The Environmental Protection Agency (EPA) has issued a significant new use rule (SNUR) for a multi-walled carbon nanotube under section 5 of the Toxic Substances Control Act (TSCA); it would require manufacturers, importers or processors of the chemical to follow manufacturing and use conditions already reviewed by EPA. The SNUR would require that any chemical manufacturer, importer or processor of the substance identified generically (due to confidentiality claims) as multi-walled carbon nanotubes notify the agency 90 days before seeking to make or use the chemical in a way that differs from those EPA has already reviewed. Section 5 of TSCA gives EPA the authority to review new chemicals before they can be manufactured or imported into the United States. The SNUR exempts from the requirements certain uses of carbon nanotubes, such as when they have been fixed onto a surface or encapsulated in plastic. See Federal Register, May 6, 2011.

The Institute of Medicine (IOM) has announced a May 19, 2011, public session of its Committee on Accelerating Progress in Obesity Prevention. Titled “Farm and Food Policy: The Relationship to Obesity Prevention,” the public session is a one-hour information-gathering forum where committee members will hear about “the determinants of food producer, manufacturer, and retailer decision making in the context of obesity prevention,” as well as “the current policy and political context in which farm and food policy decisions are made.” According to IOM, “the committee’s charge includes: considering relevant information about progress in the implementation of existing recommendations; developing guiding principles for choosing a set of recommendations; identifying a set of recommendations that is fundamental for substantial progress in obesity prevention in the next decade; and recommending potential indicators that can act as markers of progress.” IOM has solicited written comments on these topics and invited interested stakeholders to give…

The U.S. Department of Agriculture’s Food Safety and Inspection Service (FSIS) has announced two public meetings on a proposed rule requiring mandatory FSIS inspections of imported and domestic catfish and catfish products. The meetings will be held May 24 in Washington, D.C., and May 26 in Stoneville, Mississippi. The proposed rule was highlighted in Issue 383 of this Update. See Federal Register, May 9, 2011.

The U.S. Department of Agriculture’s National Organic Program (NOP) has evidently declined to revisit a final rule published February 17, 2010, that dealt with access to pasture requirements for livestock. In addition to establishing “a pasture practice standard for ruminant animals,” the rule established conditions for organic slaughter stock at “finish feeding” operations, where cattle is typically fed grain crops to improve the grade of beef. In particular, NOP exempted these animals from a provision requiring organically raised ruminants to derive “not less than an average of 30 percent of their dry matter intake (DMI) requirement” from grazing. The agency then solicited comments addressing (i) whether NOP should consider infrastructural and regional differences in finish feeding operations; (ii) the length of the finishing period; and (iii) the use of feedlots for finishing organic slaughter stock. Based on the 500 individual and 14,000 form letters received in response to this request,…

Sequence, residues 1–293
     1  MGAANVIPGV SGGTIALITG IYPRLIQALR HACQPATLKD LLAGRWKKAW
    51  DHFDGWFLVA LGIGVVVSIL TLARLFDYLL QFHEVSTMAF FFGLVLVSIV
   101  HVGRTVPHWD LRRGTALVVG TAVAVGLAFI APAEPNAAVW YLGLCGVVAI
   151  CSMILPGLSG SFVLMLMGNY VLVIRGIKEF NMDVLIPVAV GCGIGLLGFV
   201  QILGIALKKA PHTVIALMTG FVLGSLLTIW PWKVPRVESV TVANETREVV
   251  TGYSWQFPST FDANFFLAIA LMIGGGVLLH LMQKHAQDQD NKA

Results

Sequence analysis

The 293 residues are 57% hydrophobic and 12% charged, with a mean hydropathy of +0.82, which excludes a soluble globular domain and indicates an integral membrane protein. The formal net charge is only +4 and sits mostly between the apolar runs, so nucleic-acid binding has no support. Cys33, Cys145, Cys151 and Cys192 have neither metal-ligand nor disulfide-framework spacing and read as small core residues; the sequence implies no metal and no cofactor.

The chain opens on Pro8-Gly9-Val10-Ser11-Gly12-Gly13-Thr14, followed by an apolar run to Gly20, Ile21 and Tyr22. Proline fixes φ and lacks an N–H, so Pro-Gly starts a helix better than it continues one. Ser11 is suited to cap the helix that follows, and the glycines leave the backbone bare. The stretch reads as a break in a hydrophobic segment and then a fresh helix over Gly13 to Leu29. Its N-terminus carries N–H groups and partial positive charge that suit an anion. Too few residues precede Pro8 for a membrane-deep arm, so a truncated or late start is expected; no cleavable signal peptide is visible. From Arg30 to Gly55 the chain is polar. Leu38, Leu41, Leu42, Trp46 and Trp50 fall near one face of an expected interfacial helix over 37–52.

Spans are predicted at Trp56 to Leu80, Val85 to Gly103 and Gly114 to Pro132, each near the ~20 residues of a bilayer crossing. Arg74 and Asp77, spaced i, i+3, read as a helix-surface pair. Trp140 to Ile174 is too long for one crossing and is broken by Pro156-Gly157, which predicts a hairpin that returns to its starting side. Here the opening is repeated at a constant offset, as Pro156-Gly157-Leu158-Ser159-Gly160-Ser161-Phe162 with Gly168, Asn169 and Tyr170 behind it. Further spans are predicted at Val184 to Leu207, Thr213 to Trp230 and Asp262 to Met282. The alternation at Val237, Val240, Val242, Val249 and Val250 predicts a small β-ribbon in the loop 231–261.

A study presented at the 2011 Pediatric Academic Societies meeting in Denver, Colorado, has evidently suggested an association between prenatal bisphenol A (BPA) exposure and wheezing in childhood. According to a May 1, 2011, press release, researchers followed 367 pairs of mothers and infants, measuring BPA levels in the urine of pregnant woman “at 16 and 26 weeks’ gestation as well as when they delivered their babies,” and asking mothers “every six months for three years… whether their child wheezed.” Although “99 percent of children were born to mothers who had detectable BPA in their urine at some point during pregnancy,” those infants “whose mothers had high levels of BPA during pregnancy were twice as likely to wheeze as babies whose mothers had low levels of BPA.” The researchers noted, however, that the association held true in the youngest group of children only, with no differences in wheezing rates by…